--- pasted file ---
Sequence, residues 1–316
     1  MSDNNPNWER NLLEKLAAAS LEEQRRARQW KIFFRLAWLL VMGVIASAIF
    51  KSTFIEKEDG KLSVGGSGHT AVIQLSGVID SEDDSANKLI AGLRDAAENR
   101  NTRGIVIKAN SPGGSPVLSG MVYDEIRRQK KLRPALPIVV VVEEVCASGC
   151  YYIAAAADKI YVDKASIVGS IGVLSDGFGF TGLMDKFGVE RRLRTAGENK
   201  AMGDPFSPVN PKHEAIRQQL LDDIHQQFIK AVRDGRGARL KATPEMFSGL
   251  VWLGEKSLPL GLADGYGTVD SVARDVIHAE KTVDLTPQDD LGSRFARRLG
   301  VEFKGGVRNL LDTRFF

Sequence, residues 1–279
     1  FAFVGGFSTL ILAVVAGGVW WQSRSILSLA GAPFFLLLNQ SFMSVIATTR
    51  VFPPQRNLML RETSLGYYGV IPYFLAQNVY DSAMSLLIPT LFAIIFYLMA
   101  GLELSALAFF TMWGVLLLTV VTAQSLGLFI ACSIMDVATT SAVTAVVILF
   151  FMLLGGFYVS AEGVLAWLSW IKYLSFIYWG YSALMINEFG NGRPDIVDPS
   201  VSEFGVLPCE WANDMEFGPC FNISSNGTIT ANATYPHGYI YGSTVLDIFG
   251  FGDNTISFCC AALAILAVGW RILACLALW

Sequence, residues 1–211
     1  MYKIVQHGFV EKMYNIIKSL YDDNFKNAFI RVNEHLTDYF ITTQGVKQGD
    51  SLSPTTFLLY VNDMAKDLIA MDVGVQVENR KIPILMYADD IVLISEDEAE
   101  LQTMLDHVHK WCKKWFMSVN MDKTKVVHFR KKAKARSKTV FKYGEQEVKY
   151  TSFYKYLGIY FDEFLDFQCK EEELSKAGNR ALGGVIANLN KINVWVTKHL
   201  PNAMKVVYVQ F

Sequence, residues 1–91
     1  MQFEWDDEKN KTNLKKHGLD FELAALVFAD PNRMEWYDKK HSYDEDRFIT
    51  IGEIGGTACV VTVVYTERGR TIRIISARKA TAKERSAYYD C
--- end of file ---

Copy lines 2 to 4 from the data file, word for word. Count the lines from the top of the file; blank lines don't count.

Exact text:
     1  MSDNNPNWER NLLEKLAAAS LEEQRRARQW KIFFRLAWLL VMGVIASAIF
    51  KSTFIEKEDG KLSVGGSGHT AVIQLSGVID SEDDSANKLI AGLRDAAENR
   101  NTRGIVIKAN SPGGSPVLSG MVYDEIRRQK KLRPALPIVV VVEEVCASGC